Longing Fir a Flavor

Douglas Fir Martini

Doesn’t it look like perfection?

Or, “When Determination Becomes Obsession

I was born in New Jersey, raised in New Jersey, lived here all my life with the exception of college. I am indeed a Jersey girl. But sometimes the laws governing this state make me crazy. I’ve run into it with regulation preventing our family doctor from writing a proper prescription for my son, and I’ve come up against the laws preventing me from buying alcohol.

I was reading the Wall Street Journal a few weeks ago and there was an article about replacements for eggnog (a truly repellent drink). There were recipes and pictures and one in particular caught my attention. I was reading the print version which had many pictures and recipes, but I see that the online link (assuming it will work for you) comes up with the very same cocktail that caught my fancy – Shaken and Firred (adapted from Heidi Smart of Hood River Distillers, Hood River, Oregon). The picture all by itself is enticing – cool, simple, herbal. When I read the recipe, I was determined to try this drink.

1 oz vodka
1 oz Clear Creek Douglas Fir Brandy
1/4 oz dry vermouth
Add these to an ice-filled shaker, shake and strain into a martini glass rimmed with sugar and garnished with a sprig of rosemary.

Delicious, right???? I sent my husband an email and asked him to call our 3 preferred liquor stores and see if they had the Douglas Fir brandy. I wasn’t expecting that they would, but I thought we’d try the simple approach first. They did not have it and only one offered to obtain it for us. I stopped in that store a day or so later and left my name and number for someone to call me back so I could order (the cashier could not do that). Never heard back. Okay, not a show stopper. I was out with a friend and asked her if she had a high-end liquor store near her that might carry the Douglas Fir brandy. We got out our smart phones and began calling about. Nope, none of the stores near there carried it and none offered to help order. Fine, be that way. When I got home I went online to order it. I found a distributor, placed an order, got a confirming email and was quite pleased.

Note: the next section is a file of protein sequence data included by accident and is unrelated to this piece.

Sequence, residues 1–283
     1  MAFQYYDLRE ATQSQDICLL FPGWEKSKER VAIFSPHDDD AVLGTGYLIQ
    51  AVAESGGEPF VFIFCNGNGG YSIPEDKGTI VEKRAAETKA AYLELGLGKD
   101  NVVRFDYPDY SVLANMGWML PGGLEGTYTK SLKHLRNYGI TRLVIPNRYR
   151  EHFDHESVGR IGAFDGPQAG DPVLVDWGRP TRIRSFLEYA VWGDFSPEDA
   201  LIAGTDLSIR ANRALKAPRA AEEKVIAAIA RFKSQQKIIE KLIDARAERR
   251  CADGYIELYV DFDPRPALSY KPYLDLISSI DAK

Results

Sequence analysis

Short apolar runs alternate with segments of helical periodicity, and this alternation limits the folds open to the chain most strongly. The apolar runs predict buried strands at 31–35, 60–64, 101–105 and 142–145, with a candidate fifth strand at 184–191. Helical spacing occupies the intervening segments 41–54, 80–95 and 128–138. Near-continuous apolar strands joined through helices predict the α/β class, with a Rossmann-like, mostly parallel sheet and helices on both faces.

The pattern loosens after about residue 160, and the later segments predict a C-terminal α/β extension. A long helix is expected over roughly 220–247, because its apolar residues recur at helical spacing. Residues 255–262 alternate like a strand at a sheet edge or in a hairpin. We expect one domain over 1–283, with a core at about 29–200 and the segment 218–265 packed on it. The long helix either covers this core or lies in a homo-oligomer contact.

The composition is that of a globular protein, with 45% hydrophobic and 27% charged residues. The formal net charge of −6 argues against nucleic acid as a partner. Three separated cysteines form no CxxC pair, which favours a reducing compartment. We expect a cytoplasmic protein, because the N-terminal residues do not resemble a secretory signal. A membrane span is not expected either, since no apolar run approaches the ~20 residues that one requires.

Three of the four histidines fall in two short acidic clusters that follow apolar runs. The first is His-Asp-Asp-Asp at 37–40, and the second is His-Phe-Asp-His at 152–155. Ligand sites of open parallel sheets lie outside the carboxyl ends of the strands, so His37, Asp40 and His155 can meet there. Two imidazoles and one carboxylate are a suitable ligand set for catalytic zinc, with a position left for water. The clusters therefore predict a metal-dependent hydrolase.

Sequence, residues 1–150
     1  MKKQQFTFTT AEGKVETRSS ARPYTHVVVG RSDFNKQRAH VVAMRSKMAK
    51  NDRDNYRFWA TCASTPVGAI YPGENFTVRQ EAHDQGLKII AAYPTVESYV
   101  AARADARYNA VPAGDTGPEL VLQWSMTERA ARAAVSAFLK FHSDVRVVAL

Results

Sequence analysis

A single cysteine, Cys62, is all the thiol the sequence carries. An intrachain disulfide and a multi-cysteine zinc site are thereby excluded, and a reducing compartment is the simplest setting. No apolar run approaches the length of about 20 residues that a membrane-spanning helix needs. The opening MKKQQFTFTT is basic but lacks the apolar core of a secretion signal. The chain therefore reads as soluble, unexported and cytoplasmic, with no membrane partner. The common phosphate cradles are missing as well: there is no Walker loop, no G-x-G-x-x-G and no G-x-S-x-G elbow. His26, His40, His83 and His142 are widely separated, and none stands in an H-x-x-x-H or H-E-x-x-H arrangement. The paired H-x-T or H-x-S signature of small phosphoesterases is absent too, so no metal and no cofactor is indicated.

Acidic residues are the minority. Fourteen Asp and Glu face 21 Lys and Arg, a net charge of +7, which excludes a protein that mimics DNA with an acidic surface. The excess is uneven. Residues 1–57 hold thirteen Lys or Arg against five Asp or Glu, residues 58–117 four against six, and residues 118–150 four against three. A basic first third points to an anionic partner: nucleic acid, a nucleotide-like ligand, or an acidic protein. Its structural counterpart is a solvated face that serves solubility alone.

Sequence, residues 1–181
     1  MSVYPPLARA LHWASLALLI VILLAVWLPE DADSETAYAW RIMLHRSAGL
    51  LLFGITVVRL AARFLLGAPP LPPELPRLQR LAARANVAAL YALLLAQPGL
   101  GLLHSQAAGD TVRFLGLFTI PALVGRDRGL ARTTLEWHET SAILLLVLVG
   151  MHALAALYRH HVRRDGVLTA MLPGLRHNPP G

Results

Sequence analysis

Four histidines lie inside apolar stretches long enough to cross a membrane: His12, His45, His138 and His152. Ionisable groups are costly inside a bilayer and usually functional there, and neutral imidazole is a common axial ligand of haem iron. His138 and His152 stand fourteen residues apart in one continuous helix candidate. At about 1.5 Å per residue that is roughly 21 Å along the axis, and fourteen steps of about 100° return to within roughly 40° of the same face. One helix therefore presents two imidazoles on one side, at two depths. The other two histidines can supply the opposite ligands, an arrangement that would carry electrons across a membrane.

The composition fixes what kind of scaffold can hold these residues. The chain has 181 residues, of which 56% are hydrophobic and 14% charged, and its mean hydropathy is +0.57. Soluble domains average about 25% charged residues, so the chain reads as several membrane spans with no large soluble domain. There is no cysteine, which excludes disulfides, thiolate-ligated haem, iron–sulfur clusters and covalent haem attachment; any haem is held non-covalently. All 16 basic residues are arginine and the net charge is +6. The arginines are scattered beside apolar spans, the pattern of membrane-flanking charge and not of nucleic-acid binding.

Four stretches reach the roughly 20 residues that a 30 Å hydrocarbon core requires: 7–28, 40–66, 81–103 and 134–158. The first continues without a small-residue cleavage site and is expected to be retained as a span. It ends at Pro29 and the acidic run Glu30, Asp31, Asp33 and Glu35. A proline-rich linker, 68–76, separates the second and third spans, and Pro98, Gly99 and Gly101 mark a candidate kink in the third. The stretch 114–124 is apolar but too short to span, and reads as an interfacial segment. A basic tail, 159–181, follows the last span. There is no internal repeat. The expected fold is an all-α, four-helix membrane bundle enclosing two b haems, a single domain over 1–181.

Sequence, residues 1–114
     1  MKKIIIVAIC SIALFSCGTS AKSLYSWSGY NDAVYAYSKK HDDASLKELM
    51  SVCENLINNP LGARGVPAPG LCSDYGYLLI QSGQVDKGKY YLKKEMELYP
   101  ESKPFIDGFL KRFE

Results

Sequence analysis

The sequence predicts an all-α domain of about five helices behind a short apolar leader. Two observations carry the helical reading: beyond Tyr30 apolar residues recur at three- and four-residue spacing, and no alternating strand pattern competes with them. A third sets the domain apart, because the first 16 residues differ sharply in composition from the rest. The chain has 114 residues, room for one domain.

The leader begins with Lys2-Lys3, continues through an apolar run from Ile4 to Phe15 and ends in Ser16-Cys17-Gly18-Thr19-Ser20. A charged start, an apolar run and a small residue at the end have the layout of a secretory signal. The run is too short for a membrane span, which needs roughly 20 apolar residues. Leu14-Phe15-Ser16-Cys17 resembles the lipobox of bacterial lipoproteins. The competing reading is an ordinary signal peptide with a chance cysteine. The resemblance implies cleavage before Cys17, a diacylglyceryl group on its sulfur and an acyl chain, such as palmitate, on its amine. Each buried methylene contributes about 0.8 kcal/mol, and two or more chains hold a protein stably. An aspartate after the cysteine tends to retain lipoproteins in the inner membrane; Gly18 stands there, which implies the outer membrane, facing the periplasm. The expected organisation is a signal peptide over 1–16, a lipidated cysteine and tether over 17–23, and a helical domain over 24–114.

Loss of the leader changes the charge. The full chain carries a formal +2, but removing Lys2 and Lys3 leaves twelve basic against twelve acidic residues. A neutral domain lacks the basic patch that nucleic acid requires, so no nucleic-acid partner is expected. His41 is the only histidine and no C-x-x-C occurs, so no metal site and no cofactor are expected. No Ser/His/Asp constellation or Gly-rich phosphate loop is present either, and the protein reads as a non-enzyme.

Douglas Fir brandy

The next morning I received an email from the distributor telling me they were out of stock and couldn’t fill the order. So I tried a different distributor, at twice the price (old joke from my Treasury of Jewish Folklore: 6 kopeks? Sam down the street is selling fish for 3 kopeks! So why don’t you buy from Sam? Because Sam is out of fish. When *I* am out of fish, *I* sell it for 3 kopeks also!). These folks told me right up front – we’re sorry – we cannot ship liquor to NJ. Not really a surprise – I was pretty sure that was true and had been quite surprised when my order had gone through the night before.

rosemary

Fresh rosemary right at hand

Now, however, it was becoming more than wanting to try this drink. Now it was becoming a matter of ‘oh yeah, you think you are so smart you can STOP me from getting what I WANT???’ Time to be creative. I contacted my son and told him to look for it at his stores (because I could see that there WERE stores in Phoenix that carried the Douglas Fir brandy). Then I thought I’d never see it if I left it up to him so I went online again to order it SENT to him and then he could mail it to me. *smile* I’m so clever. Not. Apparently it could not be shipped directly to Arizona either. All the Phoenix stores were out of stock and the nearest store with stock was in Washington. A long drive from Tempe. So now I’m really ticked. This is beyond amusing – I am GOING TO GET THIS BRANDY. Big gun time. I contacted my friend Tess who LIVES in Oregon. Hah! I’ll get someone to walk up and buy a bottle directly and mail it to me.

I contacted Tess (who thought at first I was a spammer because I foolishly used FB messaging instead of simply texting). Once I proved my bona fides (by sending her a photo of the cauliflower ornament in my sukkah) we ended up having a long phone conversation, catching up with our lives. She promised to get me information. The next morning I had an email from her. It supplied the NJ distributor for Clear Creek, the contact’s name, his cell phone, and the fact that he still had 7 cases left. *laughing* We should take that information to the local liquor store and have them order it. I was traveling on business but my husband did indeed take the information to the store. They said they were placing an order that day and they would add the brandy to the order. On Friday my husband went to retrieve our treasure – 2 bottles of Clear Creek Douglas Fir brandy. They’d ordered 4 bottles and we took 2. *laughing* We hadn’t even TASTED it yet.